Instead, we'll create WorkSets. This is a subset of all of the files within a Project. When we run a task such as a Supervised search, we can choose a WorkSet rather than performing the search on the entire Project at once.
While we're at it, let's go ahead and give the user's set of MediaFiles a descriptive name... This will be the new Library. This is simply ALL of the user's MediaFiles.
MediaFiles and Library
MediaFiles will be uploaded by users, and initially only they will have direct access to these. MediaFiles alone will exist as a standalone object directly unusable elsewhere until they are added to PlayLists or Projects.
The entire set of a user's MediaFiles will be referred to as their Library (note that this is a change from the prior Library concept).
This is similar to the iTunes concept of your Library, a collection of all of your media.
PlayLists are a list of MediaFiles. PlayLists can be shared with other users, giving them readonly or edit access (the ability to add or remove files).
Continuing the iTunes concept, a user can create multiple PlayLists of sets of songs. Songs may be in multiple PlayLists.
The prior concept of a Project and Libraries are being thrown out. Previously, a Project contained multiple Libraries. However, the Project concept was mostly unused, and most work was done at the Library level.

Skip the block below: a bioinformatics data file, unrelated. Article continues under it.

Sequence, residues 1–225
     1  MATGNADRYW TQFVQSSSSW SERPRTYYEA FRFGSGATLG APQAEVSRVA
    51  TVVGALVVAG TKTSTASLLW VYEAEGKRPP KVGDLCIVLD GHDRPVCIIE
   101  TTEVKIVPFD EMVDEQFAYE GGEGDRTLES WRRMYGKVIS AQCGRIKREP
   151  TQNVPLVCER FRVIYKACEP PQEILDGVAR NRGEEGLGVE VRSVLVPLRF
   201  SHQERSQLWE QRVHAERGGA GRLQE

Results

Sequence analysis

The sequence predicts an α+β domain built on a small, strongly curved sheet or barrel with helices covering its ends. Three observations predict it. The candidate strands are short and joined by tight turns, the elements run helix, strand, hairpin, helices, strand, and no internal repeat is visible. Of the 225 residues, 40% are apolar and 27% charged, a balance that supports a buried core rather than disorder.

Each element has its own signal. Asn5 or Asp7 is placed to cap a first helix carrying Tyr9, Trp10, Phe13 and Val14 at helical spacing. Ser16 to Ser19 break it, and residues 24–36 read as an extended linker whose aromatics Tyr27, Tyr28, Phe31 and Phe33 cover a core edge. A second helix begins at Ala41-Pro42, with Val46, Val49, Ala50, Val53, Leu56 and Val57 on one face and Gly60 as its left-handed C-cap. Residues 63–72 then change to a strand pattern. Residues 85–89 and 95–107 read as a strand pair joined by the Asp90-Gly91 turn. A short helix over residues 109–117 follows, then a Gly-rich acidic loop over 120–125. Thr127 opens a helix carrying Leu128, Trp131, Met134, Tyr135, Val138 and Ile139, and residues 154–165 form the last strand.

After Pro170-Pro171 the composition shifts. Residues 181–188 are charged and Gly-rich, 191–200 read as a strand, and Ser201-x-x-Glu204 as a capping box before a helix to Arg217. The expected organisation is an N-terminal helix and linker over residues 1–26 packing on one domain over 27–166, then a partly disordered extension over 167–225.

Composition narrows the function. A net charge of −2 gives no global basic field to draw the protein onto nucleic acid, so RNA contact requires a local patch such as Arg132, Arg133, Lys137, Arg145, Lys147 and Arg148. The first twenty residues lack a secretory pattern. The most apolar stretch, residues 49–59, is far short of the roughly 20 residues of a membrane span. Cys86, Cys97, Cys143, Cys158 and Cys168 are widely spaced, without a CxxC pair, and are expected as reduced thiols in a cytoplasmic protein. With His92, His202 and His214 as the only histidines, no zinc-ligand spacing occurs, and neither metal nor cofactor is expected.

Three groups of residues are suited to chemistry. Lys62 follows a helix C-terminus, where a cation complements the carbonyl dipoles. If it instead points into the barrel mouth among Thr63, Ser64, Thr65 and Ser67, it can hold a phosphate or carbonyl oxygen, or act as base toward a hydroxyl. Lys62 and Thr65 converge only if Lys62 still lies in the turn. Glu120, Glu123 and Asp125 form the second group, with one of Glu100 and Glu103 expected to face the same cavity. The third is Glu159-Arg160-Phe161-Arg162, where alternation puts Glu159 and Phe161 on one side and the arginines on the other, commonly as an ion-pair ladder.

The Project will become the primary workspace, with the Library hierarchy being removed and all previous Library functions being moved to the Project.
Projects will hold the TagSets (and hence Tags) and TagClasses.
A Project will contain 1 or more PlayLists. The unique set of all of the MediaFiles within these PlayLists will comprise of the Project Files.
- Should we also have the ability to add individual MediaFiles to a Project, without adding them to a PlayList?
A WorkSet in a Project is a subset (or all) of the Project Files. This is the unit upon which actions will be taken (e.g., Supervised / unsupservised Searches). The WorkSet replaces the prior notion of Active / Inactive files.
MediaFiles and Library
MediaFiles are always Read Only. The file owner can delete the file only if they are not in any PlayList or Project (of any user).
The owner of a PlayList always has full read/write access (can add or remove files). Additionally, the owner can assign default permissions for the Playlist, as well as permissions for individual users.